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Luxury liquor distiller Moutai launches an app


Moutai’s iconic baijiu

There were not many surprising takeaways when Kweichow Moutai announced its annual results last week. Growth has slowed as net profit only rose 12% to Rmb52 billion ($8.2 billion) last year while revenue still topped Rmb100 billion for the first time.

However Chinese consumers were excited to hear that they can now purchase China’s most famous baijiu liquor through a smartphone app.  Called iMoutai, the new app is part of the strategy to boost profit margins further and it soon became the most downloaded choice among all Chinese apps, with media following its first few days with interest.

The company’s most popular label Flying Fairy hasn’t been made available through the new channel. Four other options were offered at prices ranging from Rmb1,088 to Rmb4,599. Each subscriber to the app is identified by blockchain, which brings benefits in weeding out scalpers and giving consumers the chance to buy bottles. Customers register interest in a purchase each morning and they find out by early evening if they have been successful.

Many still miss out, says Jiemian, a news portal. Nearly 2.2 million shoppers tried their luck on the opening day, which far exceeded the stock on offer. Only about 3 in every 10,000 online applicants were getting bottles of the most sought-after label.

Moutai has a history as the treasured tipple for businesspeople and public officials, as well as a darker reputation for corrupt exchanges between the two groups.

But the challenge for Kweichow Moutai bosses is how to maximise the returns on the brand’s popularity at a time when the company is still too reliant on thousands of third-party sales agents.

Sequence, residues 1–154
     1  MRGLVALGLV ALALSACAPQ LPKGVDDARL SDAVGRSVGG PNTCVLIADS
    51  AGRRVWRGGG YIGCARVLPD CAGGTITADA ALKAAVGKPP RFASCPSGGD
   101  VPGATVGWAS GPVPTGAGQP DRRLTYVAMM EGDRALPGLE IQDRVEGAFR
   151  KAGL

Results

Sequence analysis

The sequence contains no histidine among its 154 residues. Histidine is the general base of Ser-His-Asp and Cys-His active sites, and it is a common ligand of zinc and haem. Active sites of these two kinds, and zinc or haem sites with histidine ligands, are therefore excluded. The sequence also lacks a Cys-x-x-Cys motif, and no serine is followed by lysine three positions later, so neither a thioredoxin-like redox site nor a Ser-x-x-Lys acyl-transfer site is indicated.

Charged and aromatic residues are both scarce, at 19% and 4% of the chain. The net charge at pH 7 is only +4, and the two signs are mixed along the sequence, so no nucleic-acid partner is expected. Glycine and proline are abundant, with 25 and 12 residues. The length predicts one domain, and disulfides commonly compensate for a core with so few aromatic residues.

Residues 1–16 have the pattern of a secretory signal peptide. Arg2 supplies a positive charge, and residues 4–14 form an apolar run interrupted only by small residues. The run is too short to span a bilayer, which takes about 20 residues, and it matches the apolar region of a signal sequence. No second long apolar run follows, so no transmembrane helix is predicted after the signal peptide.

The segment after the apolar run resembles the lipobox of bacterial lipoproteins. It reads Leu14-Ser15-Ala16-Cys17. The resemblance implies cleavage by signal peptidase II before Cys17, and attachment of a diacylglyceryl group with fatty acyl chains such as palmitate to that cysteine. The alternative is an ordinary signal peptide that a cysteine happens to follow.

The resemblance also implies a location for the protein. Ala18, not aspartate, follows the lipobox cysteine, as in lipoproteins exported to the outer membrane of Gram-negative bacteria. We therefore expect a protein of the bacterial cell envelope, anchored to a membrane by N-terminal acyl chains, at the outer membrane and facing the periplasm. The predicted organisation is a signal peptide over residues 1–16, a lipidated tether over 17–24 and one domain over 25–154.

The upside of the dealership model is that the distributors pay for the baijiu before delivery, ensuring predictable cashflows. But the company lacks direct contact with its customers and can lose control of end user prices.

Many of the middlemen have made fortunes from the differences between wholesale and retail prices, especially for the most-desired bottles, which they often hold back from sale in a bid to drive up values further.

The sales model is also ripe for the kind of corruption that has led to the departure of a series of its senior bosses (see WiC479). So the current leadership is pushing ahead with a wider restructuring that introduces new ranges of baijiu across a wider variety of price points, as well as switching a greater proportion of business into channels like its own outlets and via contracts with larger retailers like Costco.

Revenues from sales directly to customers reached 23% of the total last year, up by 9% from the year before. On the other side of the coin, the number of domestic dealers in the sales network has fallen by about 900 over the last three years to a little over 2,000.

Moutai has been trying to move more of its sales online for at least a decade, including a complicated approach that required its dealers to put 30% of their quota through approved third-party sites. The strategy ran into trouble when senior figures in the operation were sacked in 2018 after more allegations of corruption. The e-commerce unit closed in the following year.

Now Moutai is trying again to connect with end users through iMoutai, where it will also be hoping to target the younger demographic of drinkers that it needs to power its future profits.

The traditional sales agents greeted iMoutai’s debut warily, with reports of sudden falls in the retail prices of favoured product lines like Flying Fairy. Some of that was probably the result of distributors selling down stock they have hoarded in the lead-up to the launch of the new sales channel.

Some commentators are still cautious about the app’s commercial prospects, however, especially if the platform holds back on sales of the most celebrated labels. They also wonder about the risks to its relationship with its sales agents as it tries to reduce their influence.

It is a tough balancing act to juggle Moutai’s old and new sales channels.

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